Alice Hu is regional Manager of Social and Digital at MSLGROUP Asia, based in Shanghai. She has authored several notable pieces on mobile trends, including The Rise of Asia’s Mobile Messengers.
What it means to be creative in a mobile-first world
Working in Asia, the world’s most mobile-savvy region, one can’t ignore the importance of mobile. At a global level, mobile usage is also rising. Mobile phones have nearly as many users as televisions. It’s only natural then that mobile should have a large influence on creativity.
Mobile, like social media and digital, is a term that is broad and often interpreted and used in different ways. For brands, what matters is that mobile is the primary medium on which most of your audiences will be viewing the content you’ve spent countless hours creating and revising… on a computer. And therein lies the problem.
From the start, our creative ideas, strategy, stories and content are being formulated through the PC medium for a mobile viewership.
Instead of resizing PC content for mobile, we must start to explore creativity within the mobile space to truly create better content. We must think about the user experience on a smartphone or another mobile device.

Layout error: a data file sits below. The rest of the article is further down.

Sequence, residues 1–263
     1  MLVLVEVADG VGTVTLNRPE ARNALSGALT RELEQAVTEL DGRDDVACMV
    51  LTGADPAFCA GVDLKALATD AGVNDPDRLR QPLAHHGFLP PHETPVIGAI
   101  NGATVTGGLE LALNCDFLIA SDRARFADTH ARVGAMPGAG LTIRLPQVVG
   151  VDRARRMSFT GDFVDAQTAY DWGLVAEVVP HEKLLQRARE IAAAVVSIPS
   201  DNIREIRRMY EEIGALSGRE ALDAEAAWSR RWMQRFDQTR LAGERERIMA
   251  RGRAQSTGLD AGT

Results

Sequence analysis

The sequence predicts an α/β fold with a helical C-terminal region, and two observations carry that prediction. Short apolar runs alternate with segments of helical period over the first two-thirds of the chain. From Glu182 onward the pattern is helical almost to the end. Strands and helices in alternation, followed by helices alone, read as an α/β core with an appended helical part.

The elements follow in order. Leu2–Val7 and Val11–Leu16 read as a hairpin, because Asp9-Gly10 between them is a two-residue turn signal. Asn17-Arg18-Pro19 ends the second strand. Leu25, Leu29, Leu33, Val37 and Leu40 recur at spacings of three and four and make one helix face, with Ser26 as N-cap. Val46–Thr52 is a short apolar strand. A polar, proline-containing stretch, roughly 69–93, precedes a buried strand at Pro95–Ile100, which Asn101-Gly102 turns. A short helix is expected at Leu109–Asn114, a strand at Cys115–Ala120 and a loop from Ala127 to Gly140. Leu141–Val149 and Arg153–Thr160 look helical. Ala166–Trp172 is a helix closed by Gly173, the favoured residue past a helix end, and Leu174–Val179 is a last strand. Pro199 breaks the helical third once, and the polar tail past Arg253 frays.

Consider the mobile versions of webpages, and social networking apps – all are different with their own user experience (UX). For instance, Ikea can highlight its new spring 2015 catalog products on Facebook, Weibo, WeChat and Instagram in the same way: posting a photo with relevant text. But each specific platform has its own unique features and UX; that’s where things can get interesting and creativity can take off. So, on Weibo you can separate one visual into nine to fit the platform’s 3×3 photo upload rule, to create an interesting photo-collage-style Weibo post. You can even go one step further, and add a GIF element to each of the nine photos.
Creative opportunities expand when content strategies move beyond adjusting to the mobile form-factor and are tailored for specific mobile webpages or apps.
A real-world example: Earlier this year, Ikea in Russia used Instagram to create a digital catalog for its PS 2014 collection. The PS 2014 account on Instagram published a nine-part advertisement, with each image featuring a product, each with its own individual Instagram account. Users were also able to tag products, using Instagram’s tagging feature, to showcase how they placed the products in their own homes.
Ikea’s PS 2014 catalog on Instagram, and a glimpse of one of the nine tiles.
To explore new creative possibilities, you must first understand the medium. For mobile, this means understanding the mobile touch point (whether it’s a mobile webpage, Snapchat or something else) and then figuring out how that information is presented in that ecosystem. The result is a novel, exciting mobile experience instead of a frustrating or dull one.
This post is a part of our People’s Insights report The Future of Creativity, in which experts from MSLGROUP and some from Publicis Groupe identify 15 drivers for engaging creatively in 2015.